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Cardholders Beware: Credit Card Skimming

July 5, 2018 | By Louis Tully

We use credit cards to pay for just about everything these days. That’s why credit card skimming has become such a big problem in our country. Skimming is a form of credit card theft that steals cardholder’s information via a small electronic device known as a ‘skimmer’. These devices are typically well-hidden in real credit card scanners that are otherwise used for real, legitimate transactions. But swipe your card at a gas pump where there’s a skimmer in place and all your account information suddenly falls into the wrong hands. If you’re on this website looking for an installment loan lender, credit card theft is probably the last thing you need on your hands. Here are the main bullet points to credit card skimming and how to avoid it:

How credit card skimming works

To put it simply, credit skimming is a sneaky way to steal people’s credit card info without them realizing they’ve been victimized until it’s too late. Reports of credit skimming are everywhere. Skimming devices have been found at gas pumps, ATM machines and even retail and even grocery stores. As mentioned above, a skimmer is a little card reader that steals your information the second your card is swiped on it. Thieves have been known to install these reads in place of legitimate ones in order to steal cardholder’s information without them even knowing about it. Cardholders don’t even know they’ve been stolen from until they notice a charge on their account that they didn’t make, their card has declined or they’ve received a withdrawal notice.

How to spot a skimmer

Credit card skimming devices are a designed to look exactly like the real thing. That’s why most people don’t realize their information has been compromised until it’s too late. Unless you’re actively looking for a skimmer, you probably won’t notice some of these red flags:

  • The credit card reader sticks out of the panel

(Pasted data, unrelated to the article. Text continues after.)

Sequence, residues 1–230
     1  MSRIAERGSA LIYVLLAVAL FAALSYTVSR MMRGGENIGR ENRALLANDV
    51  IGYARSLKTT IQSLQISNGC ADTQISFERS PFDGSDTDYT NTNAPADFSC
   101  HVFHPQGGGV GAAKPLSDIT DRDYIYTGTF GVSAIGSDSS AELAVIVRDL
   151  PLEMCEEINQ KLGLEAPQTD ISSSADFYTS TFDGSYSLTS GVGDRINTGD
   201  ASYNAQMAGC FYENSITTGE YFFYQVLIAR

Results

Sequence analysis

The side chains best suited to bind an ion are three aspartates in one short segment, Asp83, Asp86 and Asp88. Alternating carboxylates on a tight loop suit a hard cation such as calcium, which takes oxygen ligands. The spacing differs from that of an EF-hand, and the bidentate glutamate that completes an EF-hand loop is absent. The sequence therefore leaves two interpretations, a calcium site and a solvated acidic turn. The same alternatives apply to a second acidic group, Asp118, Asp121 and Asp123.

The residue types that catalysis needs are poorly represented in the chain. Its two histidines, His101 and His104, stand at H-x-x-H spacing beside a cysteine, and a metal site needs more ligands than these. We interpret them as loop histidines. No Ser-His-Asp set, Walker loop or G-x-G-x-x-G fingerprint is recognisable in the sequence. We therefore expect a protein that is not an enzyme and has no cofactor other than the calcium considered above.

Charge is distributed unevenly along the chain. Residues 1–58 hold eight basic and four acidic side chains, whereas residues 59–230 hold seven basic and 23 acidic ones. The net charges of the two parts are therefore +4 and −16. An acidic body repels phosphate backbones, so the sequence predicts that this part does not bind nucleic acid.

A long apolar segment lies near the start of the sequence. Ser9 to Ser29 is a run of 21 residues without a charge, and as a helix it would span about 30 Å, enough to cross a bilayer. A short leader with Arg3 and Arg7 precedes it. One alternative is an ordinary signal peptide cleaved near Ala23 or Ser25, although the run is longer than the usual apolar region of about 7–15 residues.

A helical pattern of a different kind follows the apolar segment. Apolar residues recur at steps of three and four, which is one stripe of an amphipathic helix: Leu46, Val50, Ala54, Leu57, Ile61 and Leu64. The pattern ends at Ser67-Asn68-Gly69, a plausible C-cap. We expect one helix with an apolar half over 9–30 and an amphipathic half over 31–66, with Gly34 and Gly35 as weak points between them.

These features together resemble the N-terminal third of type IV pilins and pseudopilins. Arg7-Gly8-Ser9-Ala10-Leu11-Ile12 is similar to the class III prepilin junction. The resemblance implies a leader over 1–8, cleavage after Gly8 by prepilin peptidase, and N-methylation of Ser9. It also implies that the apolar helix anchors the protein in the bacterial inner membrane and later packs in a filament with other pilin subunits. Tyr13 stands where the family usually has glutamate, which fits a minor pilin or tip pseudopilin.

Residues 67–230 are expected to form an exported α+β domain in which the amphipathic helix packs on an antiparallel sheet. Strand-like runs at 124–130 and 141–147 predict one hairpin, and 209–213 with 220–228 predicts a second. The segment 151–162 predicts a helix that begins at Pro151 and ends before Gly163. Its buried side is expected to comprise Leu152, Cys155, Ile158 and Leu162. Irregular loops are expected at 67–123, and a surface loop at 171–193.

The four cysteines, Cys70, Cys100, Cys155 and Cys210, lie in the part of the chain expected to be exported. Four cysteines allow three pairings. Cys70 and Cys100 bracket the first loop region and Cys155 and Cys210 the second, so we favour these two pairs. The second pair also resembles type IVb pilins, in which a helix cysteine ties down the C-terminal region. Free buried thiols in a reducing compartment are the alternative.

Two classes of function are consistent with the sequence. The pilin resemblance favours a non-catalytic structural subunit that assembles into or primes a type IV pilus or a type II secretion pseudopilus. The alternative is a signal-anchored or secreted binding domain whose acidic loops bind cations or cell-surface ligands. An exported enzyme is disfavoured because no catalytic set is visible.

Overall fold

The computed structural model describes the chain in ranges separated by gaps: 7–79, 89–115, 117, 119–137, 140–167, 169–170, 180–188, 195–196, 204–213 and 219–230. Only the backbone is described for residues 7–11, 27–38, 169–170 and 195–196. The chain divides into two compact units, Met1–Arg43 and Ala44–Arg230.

• The reader itself moves or feels loose
  • The buttons on the key pinpad are thicker and harder to press than normal

If you’re looking out for these red flags, you should be able to avoid becoming a victim of credit theft. If you’re not sure whether to trust the card reader, you can always use cash.

How to prevent skimming

Thankfully, just about every bank out there is well aware of the credit card skimming problem and won’t hesitate to help their customers if they’ve been victimized. Plus, when it comes to credit card fraud, banks are a lot better at detecting it than you think. If a fraudulent purchase has been made on your account, your bank won’t hesitate to notify you immediately. Preventing these skimming incidents is a matter of watching where you shop, dine, pump gas, etc. Also, avoiding third-party ATMs is strongly encouraged.

How to report it

Knowing how to report credit card skimming is the best way to prevent it altogether. If you think you’ve been a victim of credit card skimming, call the number on the bank of your card to report it. The sooner you call, the more protected you’ll be. Try to provide as much detail as you can about where you used your card recently and what you used it for. You can also contact the Federal Trade Commission if you believe a skimmer was the cause your card information being stolen.